Tuesday, March 27, 2012

I Killed the Twitter Chat

I used to love them. Signing in to TweetChat at a certain time and instantly being in a conversation with people all interested in the topic of the day. I thought Twitter chats were the best thing ever, being such an easy way to connect with others on Twitter, find new and unique people to follow and a great way to share and discover new ideas. I loved them.

We had some good times too. Remember when #PRstudchat (PR student Chat moderated by Deirdre Breckenridge and Valerie Simon) went trending for the very first time, but other twitter users thought it was a chat about Puerto Rican "studs?!"

But then it got old. I'm not sure where, I'm not sure when, but some time between starting my first job and moving from the eastern time zone, we fell out of love.

Maybe it was me. Maybe it was my lack of effort, because I could easily have set alarms to remind me of when a chat was, or let my coworkers know that participating was essential to me learning and growing while working in social media, so I could take that hour to tweet. I should have submitted topics to the chat mods. I should have used the hashtag more, posted new finds too it and told my friends about it.

But maybe it was them. Maybe it was the same answers to similar questions, over and over with little real solutions. Maybe it was the lack of creativity, or the fact that the UX for Tweetchat feels like a 90s chat room. Maybe it was the bickering, the feel of communities that almost seem to have spent too much time together. Maybe they just became overwhelming, I mean, have you seen this list?! There's always one going on that could be interesting, and sometimes more than one at the same time.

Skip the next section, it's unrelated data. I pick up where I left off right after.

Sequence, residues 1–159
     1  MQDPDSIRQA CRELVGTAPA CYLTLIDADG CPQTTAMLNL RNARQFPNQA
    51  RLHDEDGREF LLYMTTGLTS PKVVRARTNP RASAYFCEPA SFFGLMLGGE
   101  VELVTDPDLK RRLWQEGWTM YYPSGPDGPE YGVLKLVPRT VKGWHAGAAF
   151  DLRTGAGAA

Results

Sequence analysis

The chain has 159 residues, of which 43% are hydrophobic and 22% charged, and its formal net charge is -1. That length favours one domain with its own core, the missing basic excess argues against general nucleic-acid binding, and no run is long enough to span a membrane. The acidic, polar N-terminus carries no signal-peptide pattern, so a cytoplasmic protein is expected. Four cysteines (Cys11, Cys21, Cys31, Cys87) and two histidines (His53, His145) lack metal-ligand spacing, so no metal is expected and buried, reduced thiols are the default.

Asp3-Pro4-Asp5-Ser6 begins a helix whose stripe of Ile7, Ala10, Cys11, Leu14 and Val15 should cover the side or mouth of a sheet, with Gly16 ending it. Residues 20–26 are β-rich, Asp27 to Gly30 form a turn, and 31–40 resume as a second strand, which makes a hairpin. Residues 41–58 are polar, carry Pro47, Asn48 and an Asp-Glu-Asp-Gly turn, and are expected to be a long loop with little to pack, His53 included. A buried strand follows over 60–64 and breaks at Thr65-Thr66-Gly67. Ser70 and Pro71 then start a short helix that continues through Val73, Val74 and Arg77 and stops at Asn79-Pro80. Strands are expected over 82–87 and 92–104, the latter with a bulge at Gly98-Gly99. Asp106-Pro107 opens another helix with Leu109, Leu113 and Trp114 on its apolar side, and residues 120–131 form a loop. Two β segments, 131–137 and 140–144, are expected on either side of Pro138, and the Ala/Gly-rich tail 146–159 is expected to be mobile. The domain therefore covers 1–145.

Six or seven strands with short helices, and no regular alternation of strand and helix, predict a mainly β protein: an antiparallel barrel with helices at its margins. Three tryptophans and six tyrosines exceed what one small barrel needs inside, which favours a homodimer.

Whatever the reason, I've noticed that due to lack of participation, they seem to be dying off. Sure, a couple of staples are hanging in there, and good for them! Others have moved to a different platform, and it's not only working out, they're thriving . And sadly, others are now the twitter version of link farms. Or better yet, link morgues.

Regardless, I'll take full responsibility. It's not your fault twitter chat, you did nothing wrong. It was me. My apathy did this to you. I took you for granted, and when you weren't giving me what I felt I needed, I stopped showing up for you. I'm sorry, but alas, it's too late.

I'm sad we had to end this way, Twitter chats. Rest in tweets.

Update: I recently gave a Twitter chat another shot and I was surprised how much I enjoyed it. Maybe it's the chatters, maybe it was the topic, but I think I may have been to eager to kill this particular phenomena. At least, I hope I was. Tweet strong my friends.